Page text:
In conversation with BestMediaInfo.com, Jonah Goodhart, CEO and Co-Founder, Moat, speaks about the challenges of measuring the digital medium compared to television
Archit Ambekar | Mumbai | October 14, 2016
It seems that advertisers and publishers will soon get a sneak-peak into the world of currency for digital advertising. While the bodies are already trying and testing tools for measuring content on digital, there is no standardised body which does that.
Moat, a New York-based digital measurement company, is here to help advertisers, broadcasters and publishers understand how someone pays attention to their advertisement. When one sees an ad on Facebook or any other digital platform, the company measures the ad and sees if the consumer is really paying attention.
The viewpoint at Moat is to change the currency of digital advertising. Digital advertising is the fastest growing market in India at the rate of 25 per cent and about 300 million people on smart phones, almost equivalent to the population of the US.
In conversation with BestMediaInfo.com, Jonah Goodhart, CEO and Co-Founder, Moat, tells us how they understand how to transact on advertising in digital, the challenges of measuring the digital medium compared to television, the way forward and much more.
Advertising is the fuel that pays for the vast majority of content that Indian consumer and others consume. âWe need to get to a measurement system and currency that makes sense,â he says.
While that sounds great, Goodhart points to the problem. âAs a currency for an ad being served on a platform, if I go to Times of India, Iâm paying as an advertiser, regardless of whether the ad showed up to you or was at the bottom of the page.â
One of the challenges today is that one is transacting on a currency based on the idea of a served impression, not based on a viewable ad impression. âIndia needs to get to a foundation where transacting out of a metric that makes sense, and another part where we are transacting where both advertisers and publishers build a sustainable ecosystem,â he added.
Goodhart throws light on the fact that publishers and advertisers are already using viewable ad impressions in the US and are witnessing the way they interact and transact with each other on a different currency.
As the internet grew on the global level, there was an influx of ad impressions while the number of people remained the same in India. The number of ad impressions has gone way high up than the number of people. It is not only about your ad being viewable but also about attention.
Asked whether the impressions are hyped, Goodhart said, âI think what we are selling in India and globally are Impressions that are never seen by human beings. I think we are double counting the Impressions.â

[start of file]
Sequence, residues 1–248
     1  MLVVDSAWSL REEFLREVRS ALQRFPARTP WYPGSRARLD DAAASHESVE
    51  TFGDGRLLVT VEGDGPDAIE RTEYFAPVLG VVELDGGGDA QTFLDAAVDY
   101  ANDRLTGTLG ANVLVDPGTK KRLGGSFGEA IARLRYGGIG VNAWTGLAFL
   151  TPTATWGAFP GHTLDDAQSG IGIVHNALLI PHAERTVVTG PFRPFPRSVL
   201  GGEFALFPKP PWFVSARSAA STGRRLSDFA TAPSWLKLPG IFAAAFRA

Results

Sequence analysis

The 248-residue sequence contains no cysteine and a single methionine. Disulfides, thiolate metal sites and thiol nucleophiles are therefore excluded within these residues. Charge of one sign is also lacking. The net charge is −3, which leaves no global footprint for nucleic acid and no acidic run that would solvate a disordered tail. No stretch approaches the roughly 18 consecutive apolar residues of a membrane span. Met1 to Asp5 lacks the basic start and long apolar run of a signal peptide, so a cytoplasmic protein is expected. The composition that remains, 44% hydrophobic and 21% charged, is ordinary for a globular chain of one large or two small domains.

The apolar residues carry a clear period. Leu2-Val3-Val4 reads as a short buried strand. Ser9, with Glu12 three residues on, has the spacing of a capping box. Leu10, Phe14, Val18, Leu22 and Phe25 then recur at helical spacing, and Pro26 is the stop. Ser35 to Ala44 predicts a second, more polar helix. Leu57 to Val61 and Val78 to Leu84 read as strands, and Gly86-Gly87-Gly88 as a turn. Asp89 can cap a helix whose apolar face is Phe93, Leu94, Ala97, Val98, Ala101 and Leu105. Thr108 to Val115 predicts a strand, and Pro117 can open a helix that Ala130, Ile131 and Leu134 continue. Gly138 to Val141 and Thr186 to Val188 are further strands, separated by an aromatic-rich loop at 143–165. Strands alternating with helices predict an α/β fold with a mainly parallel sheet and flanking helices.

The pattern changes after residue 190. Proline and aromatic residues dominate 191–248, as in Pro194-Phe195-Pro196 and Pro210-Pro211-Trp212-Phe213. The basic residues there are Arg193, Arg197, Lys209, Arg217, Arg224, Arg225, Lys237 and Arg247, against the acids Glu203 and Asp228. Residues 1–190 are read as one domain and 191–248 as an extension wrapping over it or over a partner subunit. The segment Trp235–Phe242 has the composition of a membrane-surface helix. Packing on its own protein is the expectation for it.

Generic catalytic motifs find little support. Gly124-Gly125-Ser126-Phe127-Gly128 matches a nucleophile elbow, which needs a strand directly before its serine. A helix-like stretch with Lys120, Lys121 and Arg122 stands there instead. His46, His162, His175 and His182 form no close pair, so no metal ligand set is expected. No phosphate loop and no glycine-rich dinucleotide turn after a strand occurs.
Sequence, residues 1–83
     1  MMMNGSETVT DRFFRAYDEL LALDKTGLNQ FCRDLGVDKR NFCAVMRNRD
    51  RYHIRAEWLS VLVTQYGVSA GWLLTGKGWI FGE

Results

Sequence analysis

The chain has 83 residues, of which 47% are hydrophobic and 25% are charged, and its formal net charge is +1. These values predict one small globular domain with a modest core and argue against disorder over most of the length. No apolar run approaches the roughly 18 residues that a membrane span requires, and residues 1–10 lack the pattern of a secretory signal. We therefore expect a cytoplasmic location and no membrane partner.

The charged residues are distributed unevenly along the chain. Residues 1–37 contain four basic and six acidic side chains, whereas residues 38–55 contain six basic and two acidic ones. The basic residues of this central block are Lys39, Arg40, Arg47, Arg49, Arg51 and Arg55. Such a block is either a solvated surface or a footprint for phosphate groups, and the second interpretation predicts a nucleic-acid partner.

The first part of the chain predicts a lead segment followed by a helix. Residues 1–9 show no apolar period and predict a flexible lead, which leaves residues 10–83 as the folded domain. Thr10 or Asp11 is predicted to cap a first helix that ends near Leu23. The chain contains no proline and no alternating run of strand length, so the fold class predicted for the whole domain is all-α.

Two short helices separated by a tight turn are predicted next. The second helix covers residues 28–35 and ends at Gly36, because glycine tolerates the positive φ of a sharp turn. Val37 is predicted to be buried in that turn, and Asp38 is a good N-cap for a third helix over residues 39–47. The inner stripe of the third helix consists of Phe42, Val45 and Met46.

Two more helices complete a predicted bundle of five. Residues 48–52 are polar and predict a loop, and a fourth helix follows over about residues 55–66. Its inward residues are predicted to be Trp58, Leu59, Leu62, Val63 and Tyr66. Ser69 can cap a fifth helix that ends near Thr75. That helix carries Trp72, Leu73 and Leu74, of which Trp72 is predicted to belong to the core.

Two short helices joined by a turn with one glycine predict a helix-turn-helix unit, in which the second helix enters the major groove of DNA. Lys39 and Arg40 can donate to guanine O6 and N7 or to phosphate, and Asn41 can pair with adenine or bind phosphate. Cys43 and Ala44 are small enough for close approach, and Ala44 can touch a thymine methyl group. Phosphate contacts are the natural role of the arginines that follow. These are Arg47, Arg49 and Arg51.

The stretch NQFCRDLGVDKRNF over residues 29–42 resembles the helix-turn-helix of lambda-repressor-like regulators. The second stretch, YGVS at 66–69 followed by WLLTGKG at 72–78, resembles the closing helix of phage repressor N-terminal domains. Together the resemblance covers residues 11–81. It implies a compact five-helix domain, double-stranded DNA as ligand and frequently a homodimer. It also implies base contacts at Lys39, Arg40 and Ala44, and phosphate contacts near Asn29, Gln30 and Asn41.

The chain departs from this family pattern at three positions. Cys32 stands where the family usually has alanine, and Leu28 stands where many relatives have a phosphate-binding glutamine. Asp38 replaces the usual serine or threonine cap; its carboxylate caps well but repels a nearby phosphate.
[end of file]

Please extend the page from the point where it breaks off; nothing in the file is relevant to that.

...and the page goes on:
Goodhart says they work with a lot of broadcasters and publishers to bring in a common currency. Speaking about what Broadcast Audience Research Council India (BARC) is doing, Goodhart said that working on a digital currency for BARC makes a lot of sense and it can happen fast enough. Sooner the better, he thinks.
Comparing how measurement works on television and digital, Goodhart indeed feels that measuring digital is different than measuring television, and the BARC model of transparency will work well and benefit both advertisers and publishers. One has to ask better questions and go beyond infographics and beyond the measurement on television.
The good news is that websites are easier to measure because in the BARC world, one has to take a physical device and install it in someoneâs home which is much more difficult. In the digital world, you have technology that can be served on web pages.
Citing an example, Goodhart explains that if HUL has its technology, it will attach it to the ad and it will circulate with wherever the ad goes, the same thing goes for publishers. The company can implement it for both the advertiser and the publisher. Ideally if one of them has Moatâs technology, then Moat will be able to track the number of Impressions.
Currently, Moat has data analytics presence in over 100 countries, including India. In terms of physical presence, the organisation is present in three countries â US, UK and Australia.
âWe are looking to launch in India potentially soon. Weâre in a bunch of conversations here and weâre trying to figure out the right timing. Weâre very interested in this market. The growth potential here is amazing,â he adds.
Goodhart eyes the market with over 700 million people using feature phones and who can be tapped. It seems that bandwidth remains a barrier when it comes to implementing the technology in India and the company is already trying to figure ways to deal with the same. Step one is to begin with the smart phones with higher bandwidths and then move on to feature phones, he concludes.